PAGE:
Venice-based online wellness platform connects makes it easy to find affordable holistic care
By Jenn McKee
It seems painfully ironic that Kenshō Health – an online holistic healthcare marketplace based in Venice – officially launched in February 2020, mere weeks before the world shut down due to a worldwide pandemic.
In another way, though, the timing seemed uncanny.
“From a demand perspective, one of the silver linings is people started focusing on their health more, and looking for more alternatives and different ways to solve ongoing problems,” said Kenshō cofounder Danny Steiner. “And chronic and situational health issues became more apparent, I think, during the pandemic. So with that, folks started turning toward platforms like ours, seeking out different types of care to solve their addictions, fatigue, stress, or anxiety.”
Steiner met Kenshō cofounder Krista Berlincourt four years ago, in advance of a group trip. The two hit it off immediately, bonding over their shared zeal for holistic medicine.
“I’ve been practicing meditation for many years, and right around the time I met Krista, I was searching for a name to identify this feeling of insider awakening – kind of a flash moment of inspiration,” Steiner said. “And of course Zen Buddhism had a perfect description of that, which is Kenshō.”
Berlincourt, meanwhile, had previously suffered severe adrenal fatigue in 2015, racking up $20,000 in medical bills while getting no relief or definitive answers. She traveled the world to explore alternative healing methods, curing herself while also becoming an advocate for what’s called “whole person health.”
“As in, ‘OK, your biomarkers and bloodwork are great, you don’t have COVID-19, but you’re going through a mental downfall, your work is suffering, and your family is falling apart,’” Berlincourt said. “The pandemic was really an opportunity for us to support people, and because, for many people, this is their first time finding new forms of care beyond a GP, we really had an opportunity to support them with care navigation.”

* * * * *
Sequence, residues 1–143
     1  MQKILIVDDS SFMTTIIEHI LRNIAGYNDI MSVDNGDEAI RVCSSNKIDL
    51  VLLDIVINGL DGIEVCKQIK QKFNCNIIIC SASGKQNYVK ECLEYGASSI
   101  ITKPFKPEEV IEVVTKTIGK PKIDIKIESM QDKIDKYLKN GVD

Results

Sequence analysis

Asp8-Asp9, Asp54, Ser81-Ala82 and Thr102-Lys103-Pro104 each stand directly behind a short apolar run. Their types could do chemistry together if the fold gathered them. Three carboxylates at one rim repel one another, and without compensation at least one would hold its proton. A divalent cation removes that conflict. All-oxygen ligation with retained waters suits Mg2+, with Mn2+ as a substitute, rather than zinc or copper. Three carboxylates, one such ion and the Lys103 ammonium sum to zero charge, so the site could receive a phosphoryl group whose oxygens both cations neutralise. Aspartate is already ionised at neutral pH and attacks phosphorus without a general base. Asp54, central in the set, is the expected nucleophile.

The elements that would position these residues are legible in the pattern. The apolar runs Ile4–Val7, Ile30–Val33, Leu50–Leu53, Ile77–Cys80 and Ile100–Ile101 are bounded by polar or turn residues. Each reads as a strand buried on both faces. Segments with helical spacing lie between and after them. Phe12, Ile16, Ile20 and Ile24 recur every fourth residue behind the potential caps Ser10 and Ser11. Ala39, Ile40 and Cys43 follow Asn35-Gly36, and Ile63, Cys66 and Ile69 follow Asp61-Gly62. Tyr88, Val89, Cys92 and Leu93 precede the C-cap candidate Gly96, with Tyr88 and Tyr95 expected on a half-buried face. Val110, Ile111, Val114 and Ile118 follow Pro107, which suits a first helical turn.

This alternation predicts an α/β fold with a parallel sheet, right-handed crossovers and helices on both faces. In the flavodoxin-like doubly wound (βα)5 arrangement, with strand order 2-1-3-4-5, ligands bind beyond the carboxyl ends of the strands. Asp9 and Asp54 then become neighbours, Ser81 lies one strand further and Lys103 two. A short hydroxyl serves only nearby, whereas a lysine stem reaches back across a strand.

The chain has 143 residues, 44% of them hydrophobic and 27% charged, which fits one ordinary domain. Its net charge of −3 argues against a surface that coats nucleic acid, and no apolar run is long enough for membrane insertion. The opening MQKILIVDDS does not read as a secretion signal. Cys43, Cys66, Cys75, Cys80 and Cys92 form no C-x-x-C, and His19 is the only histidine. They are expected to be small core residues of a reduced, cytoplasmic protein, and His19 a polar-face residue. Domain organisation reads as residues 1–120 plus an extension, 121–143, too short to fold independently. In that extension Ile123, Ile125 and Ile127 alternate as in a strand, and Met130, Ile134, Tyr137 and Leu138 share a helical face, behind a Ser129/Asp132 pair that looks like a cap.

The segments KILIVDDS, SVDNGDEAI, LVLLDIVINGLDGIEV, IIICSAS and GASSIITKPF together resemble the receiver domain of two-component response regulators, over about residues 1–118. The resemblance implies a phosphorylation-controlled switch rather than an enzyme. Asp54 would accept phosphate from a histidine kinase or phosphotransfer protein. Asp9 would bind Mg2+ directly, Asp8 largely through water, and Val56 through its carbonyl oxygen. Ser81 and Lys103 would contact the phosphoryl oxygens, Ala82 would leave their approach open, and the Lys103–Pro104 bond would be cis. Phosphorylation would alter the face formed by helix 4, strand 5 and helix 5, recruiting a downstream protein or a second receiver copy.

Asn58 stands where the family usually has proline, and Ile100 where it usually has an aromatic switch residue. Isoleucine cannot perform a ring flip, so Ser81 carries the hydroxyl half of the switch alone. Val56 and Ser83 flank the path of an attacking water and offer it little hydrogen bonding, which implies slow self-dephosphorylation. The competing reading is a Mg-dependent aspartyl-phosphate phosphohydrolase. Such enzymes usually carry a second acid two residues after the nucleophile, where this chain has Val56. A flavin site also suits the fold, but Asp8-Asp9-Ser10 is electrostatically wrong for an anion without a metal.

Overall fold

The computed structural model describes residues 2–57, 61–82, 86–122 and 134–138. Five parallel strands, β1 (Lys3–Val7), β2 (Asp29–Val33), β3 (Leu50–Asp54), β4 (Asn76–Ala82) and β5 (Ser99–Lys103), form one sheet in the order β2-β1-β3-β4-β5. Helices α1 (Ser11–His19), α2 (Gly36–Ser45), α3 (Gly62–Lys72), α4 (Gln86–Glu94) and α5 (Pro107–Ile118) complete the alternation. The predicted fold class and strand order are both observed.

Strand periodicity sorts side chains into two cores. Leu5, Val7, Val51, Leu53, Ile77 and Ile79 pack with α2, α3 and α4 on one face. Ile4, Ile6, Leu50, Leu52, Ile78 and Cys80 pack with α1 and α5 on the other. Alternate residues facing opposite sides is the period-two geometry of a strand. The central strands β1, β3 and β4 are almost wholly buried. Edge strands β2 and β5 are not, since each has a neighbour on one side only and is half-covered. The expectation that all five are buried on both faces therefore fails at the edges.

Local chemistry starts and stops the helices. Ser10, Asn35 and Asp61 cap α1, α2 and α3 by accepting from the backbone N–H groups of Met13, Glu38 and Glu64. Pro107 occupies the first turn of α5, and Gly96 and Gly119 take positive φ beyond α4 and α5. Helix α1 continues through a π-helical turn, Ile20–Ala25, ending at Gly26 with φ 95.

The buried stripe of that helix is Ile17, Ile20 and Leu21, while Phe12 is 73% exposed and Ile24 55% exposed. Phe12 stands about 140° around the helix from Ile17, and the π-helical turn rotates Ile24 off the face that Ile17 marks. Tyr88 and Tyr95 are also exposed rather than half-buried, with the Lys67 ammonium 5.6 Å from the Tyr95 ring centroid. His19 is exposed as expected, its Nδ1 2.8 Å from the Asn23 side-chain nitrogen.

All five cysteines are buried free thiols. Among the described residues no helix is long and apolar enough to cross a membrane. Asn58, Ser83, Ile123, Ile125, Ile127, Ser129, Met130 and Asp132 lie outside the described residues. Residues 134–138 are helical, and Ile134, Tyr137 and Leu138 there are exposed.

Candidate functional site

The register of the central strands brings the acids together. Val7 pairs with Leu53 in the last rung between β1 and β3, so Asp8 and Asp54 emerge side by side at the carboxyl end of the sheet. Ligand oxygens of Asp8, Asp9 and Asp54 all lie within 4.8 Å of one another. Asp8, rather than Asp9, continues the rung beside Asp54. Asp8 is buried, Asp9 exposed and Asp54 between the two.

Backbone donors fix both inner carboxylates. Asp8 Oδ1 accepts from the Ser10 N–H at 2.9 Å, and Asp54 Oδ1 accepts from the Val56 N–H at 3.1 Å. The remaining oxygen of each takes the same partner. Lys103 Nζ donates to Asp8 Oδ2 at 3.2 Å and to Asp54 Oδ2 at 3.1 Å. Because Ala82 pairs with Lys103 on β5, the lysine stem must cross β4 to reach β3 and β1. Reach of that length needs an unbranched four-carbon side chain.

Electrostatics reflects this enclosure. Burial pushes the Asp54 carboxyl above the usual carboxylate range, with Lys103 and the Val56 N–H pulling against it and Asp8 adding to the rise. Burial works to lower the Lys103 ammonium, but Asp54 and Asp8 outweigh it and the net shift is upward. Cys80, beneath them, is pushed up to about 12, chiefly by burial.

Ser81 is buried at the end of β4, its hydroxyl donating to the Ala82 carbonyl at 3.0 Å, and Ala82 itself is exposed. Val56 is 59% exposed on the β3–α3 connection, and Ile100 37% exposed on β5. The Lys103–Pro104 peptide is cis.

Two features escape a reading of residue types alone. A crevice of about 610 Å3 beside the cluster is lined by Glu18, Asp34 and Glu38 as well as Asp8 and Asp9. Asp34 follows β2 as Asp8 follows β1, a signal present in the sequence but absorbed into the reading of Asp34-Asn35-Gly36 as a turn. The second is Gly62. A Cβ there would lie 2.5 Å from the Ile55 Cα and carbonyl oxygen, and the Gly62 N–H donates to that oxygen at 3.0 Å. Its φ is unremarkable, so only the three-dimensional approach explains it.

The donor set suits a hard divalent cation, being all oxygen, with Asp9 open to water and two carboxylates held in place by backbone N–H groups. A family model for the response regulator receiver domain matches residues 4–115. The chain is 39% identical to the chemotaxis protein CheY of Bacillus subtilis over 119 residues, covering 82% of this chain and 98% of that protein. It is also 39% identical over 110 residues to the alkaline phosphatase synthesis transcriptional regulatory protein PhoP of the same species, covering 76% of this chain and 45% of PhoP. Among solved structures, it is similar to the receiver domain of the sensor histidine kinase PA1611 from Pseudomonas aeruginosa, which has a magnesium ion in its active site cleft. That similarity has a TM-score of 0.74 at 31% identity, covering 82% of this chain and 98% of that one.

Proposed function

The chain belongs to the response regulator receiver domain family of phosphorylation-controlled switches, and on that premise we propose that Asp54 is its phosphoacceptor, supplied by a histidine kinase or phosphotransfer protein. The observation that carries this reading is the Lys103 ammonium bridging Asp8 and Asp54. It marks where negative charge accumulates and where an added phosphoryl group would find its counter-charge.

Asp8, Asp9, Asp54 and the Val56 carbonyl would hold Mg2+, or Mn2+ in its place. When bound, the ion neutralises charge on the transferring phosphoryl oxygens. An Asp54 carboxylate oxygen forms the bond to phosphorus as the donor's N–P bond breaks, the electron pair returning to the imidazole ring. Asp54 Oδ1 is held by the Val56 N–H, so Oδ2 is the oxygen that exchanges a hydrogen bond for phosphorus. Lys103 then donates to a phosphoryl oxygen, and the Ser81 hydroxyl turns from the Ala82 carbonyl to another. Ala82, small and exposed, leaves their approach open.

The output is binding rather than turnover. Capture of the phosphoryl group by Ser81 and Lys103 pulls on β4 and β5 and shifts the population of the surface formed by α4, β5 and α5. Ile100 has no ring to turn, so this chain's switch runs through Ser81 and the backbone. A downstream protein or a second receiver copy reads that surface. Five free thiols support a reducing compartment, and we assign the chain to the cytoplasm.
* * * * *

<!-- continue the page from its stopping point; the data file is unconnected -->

Berlincourt and Steiner have kept Kenshō’s mission – to make the world healthier, one person at a time – at the forefront throughout the pandemic, offering free content and classes.
“Honestly, all we cared about was helping more people, and luckily, that also served the business in the end,” Steiner said.
Yet Steiner and Berlincourt also, during this time, decided to re-launch Kenshō with a new emphasis.
“We have shifted our strategy in such a way where we’re really focused on providing a membership for health coaching, and using that health coach as a conduit, or a partner who’s with you at all times for your health care, to provide you with referrals in our network of specialists, or to support you with easy, at-home lab testing,” Berlincourt said.
You might wonder if this was Berlincourt and Steiner’s long game plan for Kenshō all along, but the company’s evolution has been far more organic than that.